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I went back and read a few responses to my original questions and some others on filling out the 8606. And now, I would just like to make a last verification of this and maybe avoid buying a tax software package.

The way I chose to complete Form 8606 mirrored the Rosa Green example in Pub 590, page 28-29. Starting in Part II, I enter the full conversion amount to Roth from traditional IRA of 9805 in line 14a. 14c was same. In the example, line 15 is left blank (I guess it assumes all 98 contributions non-deduct?) and 16 comes to 7979 (difference between this number and 9805 is contributions made to traditional IRA in 98). 17 is one quarter.

Now, I can find Modified AGI. Swell. Again, I use a worksheet in 590. This time it is the Worksheet for Reduced IRA Deduction, page 11. I work through this and find line 7(IRA deduction) is 1250 and line 8(non-deduct contributions) is 576. But I think this only offers misleading numbers...

And now the moment of truth.? The way I currently have 8606 line 15 set up, I am assuming all contributions for 98 are Non-Deductible right? Thus, line 1 would equal the total contributions in 98 of 1826, not the amount suggested in the prior paragraph. 3 and 5 would be the same. 10 would also be 1826 and 13 would be 0(see Rosa Green example).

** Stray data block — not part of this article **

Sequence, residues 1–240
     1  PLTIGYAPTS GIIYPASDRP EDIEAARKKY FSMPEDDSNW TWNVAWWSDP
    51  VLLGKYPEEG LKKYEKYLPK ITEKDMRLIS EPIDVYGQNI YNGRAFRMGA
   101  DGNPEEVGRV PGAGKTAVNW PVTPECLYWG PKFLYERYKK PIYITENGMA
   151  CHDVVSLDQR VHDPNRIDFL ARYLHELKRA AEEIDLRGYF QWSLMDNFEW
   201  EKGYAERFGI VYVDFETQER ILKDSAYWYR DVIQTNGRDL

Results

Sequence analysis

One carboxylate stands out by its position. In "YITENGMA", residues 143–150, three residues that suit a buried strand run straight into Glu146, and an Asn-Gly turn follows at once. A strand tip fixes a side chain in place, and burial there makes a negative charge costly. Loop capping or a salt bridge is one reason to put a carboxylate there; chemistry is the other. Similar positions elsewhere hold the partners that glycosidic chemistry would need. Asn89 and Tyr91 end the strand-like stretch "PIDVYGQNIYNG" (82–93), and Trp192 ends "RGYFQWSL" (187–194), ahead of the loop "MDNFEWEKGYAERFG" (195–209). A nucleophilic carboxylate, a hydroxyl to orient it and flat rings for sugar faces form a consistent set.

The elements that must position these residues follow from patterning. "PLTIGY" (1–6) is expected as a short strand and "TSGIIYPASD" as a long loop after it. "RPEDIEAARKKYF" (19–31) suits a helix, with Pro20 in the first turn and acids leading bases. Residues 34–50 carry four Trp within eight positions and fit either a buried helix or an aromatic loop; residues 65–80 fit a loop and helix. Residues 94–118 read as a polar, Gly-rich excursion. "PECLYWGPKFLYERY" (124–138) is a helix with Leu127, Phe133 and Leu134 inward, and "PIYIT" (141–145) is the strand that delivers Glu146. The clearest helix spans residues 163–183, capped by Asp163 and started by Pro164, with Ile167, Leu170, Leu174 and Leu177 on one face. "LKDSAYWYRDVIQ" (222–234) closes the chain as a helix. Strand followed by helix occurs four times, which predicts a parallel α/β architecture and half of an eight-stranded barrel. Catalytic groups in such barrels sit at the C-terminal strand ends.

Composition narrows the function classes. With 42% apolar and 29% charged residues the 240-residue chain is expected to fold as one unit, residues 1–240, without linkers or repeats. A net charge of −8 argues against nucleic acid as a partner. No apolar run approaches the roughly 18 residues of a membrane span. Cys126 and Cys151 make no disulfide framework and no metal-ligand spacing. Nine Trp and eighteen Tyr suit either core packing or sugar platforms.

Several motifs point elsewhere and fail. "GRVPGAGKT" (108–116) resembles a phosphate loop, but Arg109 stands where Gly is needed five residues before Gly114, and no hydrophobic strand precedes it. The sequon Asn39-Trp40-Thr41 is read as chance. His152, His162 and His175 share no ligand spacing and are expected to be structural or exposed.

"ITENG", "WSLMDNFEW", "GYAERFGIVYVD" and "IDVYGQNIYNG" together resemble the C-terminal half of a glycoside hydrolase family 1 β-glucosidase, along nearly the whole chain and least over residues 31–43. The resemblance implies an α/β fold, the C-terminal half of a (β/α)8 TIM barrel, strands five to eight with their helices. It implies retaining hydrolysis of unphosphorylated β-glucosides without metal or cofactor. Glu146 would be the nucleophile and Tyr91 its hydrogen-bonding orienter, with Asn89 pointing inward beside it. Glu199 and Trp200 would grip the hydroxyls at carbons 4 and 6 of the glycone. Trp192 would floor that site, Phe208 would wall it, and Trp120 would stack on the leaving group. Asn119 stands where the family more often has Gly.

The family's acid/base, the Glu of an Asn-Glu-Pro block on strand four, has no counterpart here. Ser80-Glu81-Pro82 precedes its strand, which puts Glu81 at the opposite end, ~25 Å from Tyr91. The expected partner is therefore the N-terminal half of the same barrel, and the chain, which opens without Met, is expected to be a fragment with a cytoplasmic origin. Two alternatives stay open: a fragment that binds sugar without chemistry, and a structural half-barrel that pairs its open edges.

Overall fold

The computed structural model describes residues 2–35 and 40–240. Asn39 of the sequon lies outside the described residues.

Then in this case, I would have NO IRA deduction entry on 1040A line 15.? 10a would be 9805 and 10b 1995.?

Now, one last question. I seem to recall someone said I could do this two ways. Either assume all is non-deductible as above or deduct all or some (some in my case). Is that allowed? If so, I don't know how to calculate the amount to enter on line 15 (total non-deduct contributions in 98 + 0 for prior years) without first completing Part II to find modified AGI... I cannot see how this scenario is possible.

I hope this method above makes sense. It does to me at least. I declare all contributions(1826) on 98 non-deduct and then remove that amount from the total rollover amount(9805) to come up with the amount subject to tax/4(7979/4).
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